Sunday, April 29, 2012

Your Voice On High-Stakes Testing Is Needed

You can make a difference in changing high-stakes testing. Read the National Resolution on High-Stakes Testing and click on the individual button to sign.

Additional articles to support the resolution:

“I think if you talk to any parent, educator, student and now you have fiscal administrators speaking out all across the state, saying that we’ve gone way too far. We’re spending 45 days out of the school year preparing for benchmarks, drilling, and the whole thing, for the test,” resident Mike Corwin said during citizen’s communication. “I think there is a broad consensus that has come together to say we’ve overstepped on this issue.”

The authors conclude that there is no convincing evidence that the pressure
associated with high-stakes testing leads to any important benefits for students’
achievement.  They call for a moratorium on policies that force the public education
system to rely on high-stakes testing. 

In earlier posts, I have advocated banning high-stakes testing as a means of making significant decisions about student performance (achievement in a course, passing a course—end-of-year-tests, being promoted, and graduating from high school).  I suggested this because the research evidence does not support continuing the practice in American schools.

Do you have a comment on this testing mania our students are enduring?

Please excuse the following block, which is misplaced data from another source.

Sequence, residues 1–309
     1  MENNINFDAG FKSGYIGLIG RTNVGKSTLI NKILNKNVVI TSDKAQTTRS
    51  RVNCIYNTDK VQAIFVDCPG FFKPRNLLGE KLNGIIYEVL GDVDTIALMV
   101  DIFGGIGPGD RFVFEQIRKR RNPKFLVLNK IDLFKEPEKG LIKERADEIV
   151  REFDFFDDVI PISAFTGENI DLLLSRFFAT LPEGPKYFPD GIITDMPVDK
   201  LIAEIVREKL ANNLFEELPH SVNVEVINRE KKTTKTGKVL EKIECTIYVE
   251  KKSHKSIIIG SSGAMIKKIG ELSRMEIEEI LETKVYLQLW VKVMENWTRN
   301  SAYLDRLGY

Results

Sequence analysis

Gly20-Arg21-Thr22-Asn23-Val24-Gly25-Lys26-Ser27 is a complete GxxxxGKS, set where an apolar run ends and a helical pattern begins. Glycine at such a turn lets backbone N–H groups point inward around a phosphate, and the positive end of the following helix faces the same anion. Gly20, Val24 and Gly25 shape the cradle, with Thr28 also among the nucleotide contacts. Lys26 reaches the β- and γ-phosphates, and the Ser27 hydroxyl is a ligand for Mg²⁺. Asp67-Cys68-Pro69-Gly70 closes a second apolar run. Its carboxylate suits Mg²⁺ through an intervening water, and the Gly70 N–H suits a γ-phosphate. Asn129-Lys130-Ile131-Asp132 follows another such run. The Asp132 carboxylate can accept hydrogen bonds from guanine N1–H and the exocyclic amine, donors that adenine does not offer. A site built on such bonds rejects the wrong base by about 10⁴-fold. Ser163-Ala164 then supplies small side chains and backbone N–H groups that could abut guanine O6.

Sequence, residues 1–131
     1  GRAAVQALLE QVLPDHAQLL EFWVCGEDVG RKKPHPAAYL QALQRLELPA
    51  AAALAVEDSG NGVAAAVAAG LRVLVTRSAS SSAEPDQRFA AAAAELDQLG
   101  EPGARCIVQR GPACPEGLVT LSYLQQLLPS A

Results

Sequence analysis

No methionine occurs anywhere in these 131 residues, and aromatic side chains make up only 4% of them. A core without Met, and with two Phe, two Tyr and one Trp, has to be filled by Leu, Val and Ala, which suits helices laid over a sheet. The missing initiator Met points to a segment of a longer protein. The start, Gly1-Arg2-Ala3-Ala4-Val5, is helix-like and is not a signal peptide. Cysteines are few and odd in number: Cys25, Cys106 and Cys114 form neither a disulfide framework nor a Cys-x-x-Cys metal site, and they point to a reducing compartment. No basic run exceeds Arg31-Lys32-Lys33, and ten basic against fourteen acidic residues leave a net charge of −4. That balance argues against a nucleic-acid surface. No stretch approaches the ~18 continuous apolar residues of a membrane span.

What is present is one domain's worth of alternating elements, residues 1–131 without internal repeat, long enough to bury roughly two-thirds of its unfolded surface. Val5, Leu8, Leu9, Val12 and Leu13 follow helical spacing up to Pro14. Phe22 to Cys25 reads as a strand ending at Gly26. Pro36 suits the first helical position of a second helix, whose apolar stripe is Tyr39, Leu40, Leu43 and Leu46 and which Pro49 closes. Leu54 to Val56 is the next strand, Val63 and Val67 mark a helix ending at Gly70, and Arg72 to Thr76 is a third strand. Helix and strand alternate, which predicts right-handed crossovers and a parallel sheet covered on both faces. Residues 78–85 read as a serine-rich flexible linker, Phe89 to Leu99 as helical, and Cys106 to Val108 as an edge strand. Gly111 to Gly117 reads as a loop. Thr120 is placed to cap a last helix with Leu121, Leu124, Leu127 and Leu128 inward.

Thursday, April 19, 2012

Mobile Learning

Lisa Johnson and Yolanda Barker (NEISD San Antonio Texas) visit with Kathy Burdick (Director of Development for Learning A-Z) about Mobile Learning. Kathy shares her passion for learning and how to connect with students. They also share valuable information on educational apps. I promise you this blogtalkradio session will get you excited about mobile learning and the use of apps in the classroom. Check out Kathy Burdick at Mobile iEducator and Lisa & Yolanda at Techchef4u

Listen to internet radio with Techchef4u on Blog Talk   Radio

Tuesday, April 17, 2012

The Value of Play

It seems education around the world has gone mad for testing and wanting kids to read earlier and earlier. Yes, a small percentage of four years are reading. I have a family member in that category but she is the exception not the rule. The age range for those beginning to read is very wide and getting wider. What’s the big rush! The best gift you can give a child is the gift of time and with this time hopefully comes some major time for play. Young children are learning through play! Play should not stop as children enter school. In fact, play time should be an essential part of the curriculum for children as they begin formal schooling. Play should continue through every young person’s school years. Hey, I would go so far as to say, play should also be an important part of our adult life. Now check out this video: Caine’s Arcade
I was reintroduced to the video with a blog post from Education Stormfront written by Andrew Barras. Here is the closing to his blog in titled “Caine’s Arcade – Teachers Should Watch This Video”: In this video Caine is learning the following skills: 1. Business 2. Marketing 3. Promotions 4. Math 5. Problem solving 6. Persistence 7. Creative thinking 8. Finances 9.